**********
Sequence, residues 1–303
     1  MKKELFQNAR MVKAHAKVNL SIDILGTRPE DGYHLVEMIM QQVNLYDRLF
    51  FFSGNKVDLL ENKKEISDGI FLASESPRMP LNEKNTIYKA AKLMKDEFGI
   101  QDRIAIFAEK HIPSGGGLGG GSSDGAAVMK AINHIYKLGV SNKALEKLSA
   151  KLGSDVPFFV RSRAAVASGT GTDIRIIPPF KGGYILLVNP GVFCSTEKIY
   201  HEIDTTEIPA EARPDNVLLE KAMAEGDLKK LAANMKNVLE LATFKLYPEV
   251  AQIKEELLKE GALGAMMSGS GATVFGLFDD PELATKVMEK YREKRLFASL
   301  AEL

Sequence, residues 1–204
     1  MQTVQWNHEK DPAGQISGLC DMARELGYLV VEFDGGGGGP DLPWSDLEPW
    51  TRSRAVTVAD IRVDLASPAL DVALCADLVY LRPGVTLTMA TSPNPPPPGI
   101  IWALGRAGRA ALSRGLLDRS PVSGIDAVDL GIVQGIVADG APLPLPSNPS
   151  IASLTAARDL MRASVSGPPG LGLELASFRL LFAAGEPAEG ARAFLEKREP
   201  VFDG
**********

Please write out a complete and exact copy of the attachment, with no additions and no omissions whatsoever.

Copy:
Sequence, residues 1–303
     1  MKKELFQNAR MVKAHAKVNL SIDILGTRPE DGYHLVEMIM QQVNLYDRLF
    51  FFSGNKVDLL ENKKEISDGI FLASESPRMP LNEKNTIYKA AKLMKDEFGI
   101  QDRIAIFAEK HIPSGGGLGG GSSDGAAVMK AINHIYKLGV SNKALEKLSA
   151  KLGSDVPFFV RSRAAVASGT GTDIRIIPPF KGGYILLVNP GVFCSTEKIY
   201  HEIDTTEIPA EARPDNVLLE KAMAEGDLKK LAANMKNVLE LATFKLYPEV
   251  AQIKEELLKE GALGAMMSGS GATVFGLFDD PELATKVMEK YREKRLFASL
   301  AEL

Sequence, residues 1–204
     1  MQTVQWNHEK DPAGQISGLC DMARELGYLV VEFDGGGGGP DLPWSDLEPW
    51  TRSRAVTVAD IRVDLASPAL DVALCADLVY LRPGVTLTMA TSPNPPPPGI
   101  IWALGRAGRA ALSRGLLDRS PVSGIDAVDL GIVQGIVADG APLPLPSNPS
   151  IASLTAARDL MRASVSGPPG LGLELASFRL LFAAGEPAEG ARAFLEKREP
   201  VFDG